Published April 29, 2022
The FBI conducted millions of searches of Americans’ electronic data in 2021 without a warrant, according to a new report released by the Office of the Director of National Intelligence.
The FBI claims it conducted the searches as they sought to curb cyberattacks.
“In the first half of the year, there were a number of large batch queries related to attempts to compromise U.S. critical infrastructure by foreign cyber actors,” according to the report, Bloomberg reported. “These queries, which included approximately 1.9 million query terms related to potential victims — including U.S. persons — accounted for the vast majority of the increase in U.S. person queries conducted by FBI over the prior year.”
The ACLU called the FBI’s warrantless spying an invasion of privacy ‘on an enormous scale.’
The FBI searched emails, texts and other electronic communications of as many as 3.4 million U.S. residents without a warrant over a year, the nation’s top spy chief said in a report.
The “queries” were made between December 2020 and November 2021 by Federal Bureau of Investigation personnel as they looked for signs of threats and terrorists within electronic data legally collected under the Foreign Intelligence Surveillance Act, according to an annual transparency report issued Friday by the Office of the Director of National Intelligence.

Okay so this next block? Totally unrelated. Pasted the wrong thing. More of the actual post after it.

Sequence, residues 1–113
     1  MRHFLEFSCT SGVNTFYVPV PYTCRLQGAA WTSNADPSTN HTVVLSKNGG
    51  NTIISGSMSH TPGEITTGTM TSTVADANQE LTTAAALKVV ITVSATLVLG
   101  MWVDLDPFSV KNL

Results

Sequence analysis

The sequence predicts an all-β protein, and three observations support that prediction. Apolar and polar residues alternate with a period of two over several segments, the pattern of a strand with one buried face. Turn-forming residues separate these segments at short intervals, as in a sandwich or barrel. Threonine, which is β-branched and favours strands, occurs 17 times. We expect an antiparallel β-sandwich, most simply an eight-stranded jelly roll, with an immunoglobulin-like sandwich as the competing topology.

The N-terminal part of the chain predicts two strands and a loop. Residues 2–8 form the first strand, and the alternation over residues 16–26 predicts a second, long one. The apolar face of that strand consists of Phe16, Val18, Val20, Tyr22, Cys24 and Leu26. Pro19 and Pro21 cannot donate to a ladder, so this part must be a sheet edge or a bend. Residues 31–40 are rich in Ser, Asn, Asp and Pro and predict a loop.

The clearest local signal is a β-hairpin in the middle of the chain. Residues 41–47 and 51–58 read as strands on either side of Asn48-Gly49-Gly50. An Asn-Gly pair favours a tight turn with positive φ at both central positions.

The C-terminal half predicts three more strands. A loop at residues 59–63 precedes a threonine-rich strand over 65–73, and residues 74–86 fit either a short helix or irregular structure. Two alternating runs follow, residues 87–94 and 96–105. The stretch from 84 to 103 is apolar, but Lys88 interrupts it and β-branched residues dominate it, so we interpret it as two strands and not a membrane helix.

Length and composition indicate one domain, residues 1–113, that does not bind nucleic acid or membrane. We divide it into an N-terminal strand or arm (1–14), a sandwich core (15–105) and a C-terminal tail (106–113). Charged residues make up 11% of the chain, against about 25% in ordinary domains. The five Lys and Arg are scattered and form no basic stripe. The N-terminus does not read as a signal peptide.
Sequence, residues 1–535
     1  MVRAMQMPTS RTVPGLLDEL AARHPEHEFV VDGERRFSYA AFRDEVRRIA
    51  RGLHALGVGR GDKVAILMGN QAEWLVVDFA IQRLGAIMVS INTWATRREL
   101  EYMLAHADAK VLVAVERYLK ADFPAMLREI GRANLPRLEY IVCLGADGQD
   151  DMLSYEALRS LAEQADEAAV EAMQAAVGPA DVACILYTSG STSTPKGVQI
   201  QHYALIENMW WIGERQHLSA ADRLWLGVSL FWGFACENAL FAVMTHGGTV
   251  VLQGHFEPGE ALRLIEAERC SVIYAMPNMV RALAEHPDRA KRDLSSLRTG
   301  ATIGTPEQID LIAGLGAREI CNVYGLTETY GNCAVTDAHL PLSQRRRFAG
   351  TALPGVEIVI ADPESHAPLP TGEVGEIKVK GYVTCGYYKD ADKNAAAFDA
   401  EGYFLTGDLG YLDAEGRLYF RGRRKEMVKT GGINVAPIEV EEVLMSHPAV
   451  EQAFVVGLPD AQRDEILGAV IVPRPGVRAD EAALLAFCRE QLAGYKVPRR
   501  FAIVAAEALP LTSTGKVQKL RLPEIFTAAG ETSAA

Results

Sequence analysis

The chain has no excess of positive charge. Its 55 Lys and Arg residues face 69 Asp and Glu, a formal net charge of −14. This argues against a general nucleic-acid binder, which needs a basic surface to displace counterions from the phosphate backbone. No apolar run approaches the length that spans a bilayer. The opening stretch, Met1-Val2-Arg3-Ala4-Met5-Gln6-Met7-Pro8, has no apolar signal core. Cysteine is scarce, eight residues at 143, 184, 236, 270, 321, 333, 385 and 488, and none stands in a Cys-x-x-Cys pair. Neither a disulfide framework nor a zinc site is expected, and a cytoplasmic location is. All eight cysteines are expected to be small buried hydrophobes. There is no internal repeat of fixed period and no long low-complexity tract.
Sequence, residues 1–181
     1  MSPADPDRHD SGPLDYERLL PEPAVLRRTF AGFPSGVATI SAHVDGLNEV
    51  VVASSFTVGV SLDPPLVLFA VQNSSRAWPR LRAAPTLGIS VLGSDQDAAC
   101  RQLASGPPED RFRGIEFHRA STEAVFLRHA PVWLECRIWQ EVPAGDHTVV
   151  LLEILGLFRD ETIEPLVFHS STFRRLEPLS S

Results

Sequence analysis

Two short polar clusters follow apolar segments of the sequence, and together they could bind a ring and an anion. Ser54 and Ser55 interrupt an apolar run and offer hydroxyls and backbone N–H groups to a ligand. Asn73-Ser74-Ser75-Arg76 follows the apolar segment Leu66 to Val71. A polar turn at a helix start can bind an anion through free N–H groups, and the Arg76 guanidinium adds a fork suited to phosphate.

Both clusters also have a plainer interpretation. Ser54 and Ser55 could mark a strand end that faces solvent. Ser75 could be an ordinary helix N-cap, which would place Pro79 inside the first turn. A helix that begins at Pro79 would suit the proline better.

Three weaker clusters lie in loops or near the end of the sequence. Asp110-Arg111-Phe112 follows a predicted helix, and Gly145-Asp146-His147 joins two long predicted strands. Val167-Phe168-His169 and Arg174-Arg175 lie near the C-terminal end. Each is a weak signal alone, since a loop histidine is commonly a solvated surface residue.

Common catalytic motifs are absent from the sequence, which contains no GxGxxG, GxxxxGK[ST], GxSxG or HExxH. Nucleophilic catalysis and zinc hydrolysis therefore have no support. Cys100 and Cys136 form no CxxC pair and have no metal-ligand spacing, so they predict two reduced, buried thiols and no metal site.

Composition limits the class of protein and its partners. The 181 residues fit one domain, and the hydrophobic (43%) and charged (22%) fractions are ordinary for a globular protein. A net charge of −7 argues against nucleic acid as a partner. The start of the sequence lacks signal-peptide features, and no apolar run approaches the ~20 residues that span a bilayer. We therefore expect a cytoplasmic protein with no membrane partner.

The authority the FBI used in this case was under Section 702 of FISA, which is set to expire at the end of next year unless it’s renewed by Congress.
The report doesn’t say the activity was illegal or even wrong. But the revelation could renew congressional and public debates over the power U.S. agencies have to collect and review intelligence information, especially data concerning individuals. In comparison, fewer than 1.3 million queries involving Americans’ data were conducted between December 2019 and November 2020, according to the 38-page report.
The report sought to provide a justification for the increase in queries during the last year.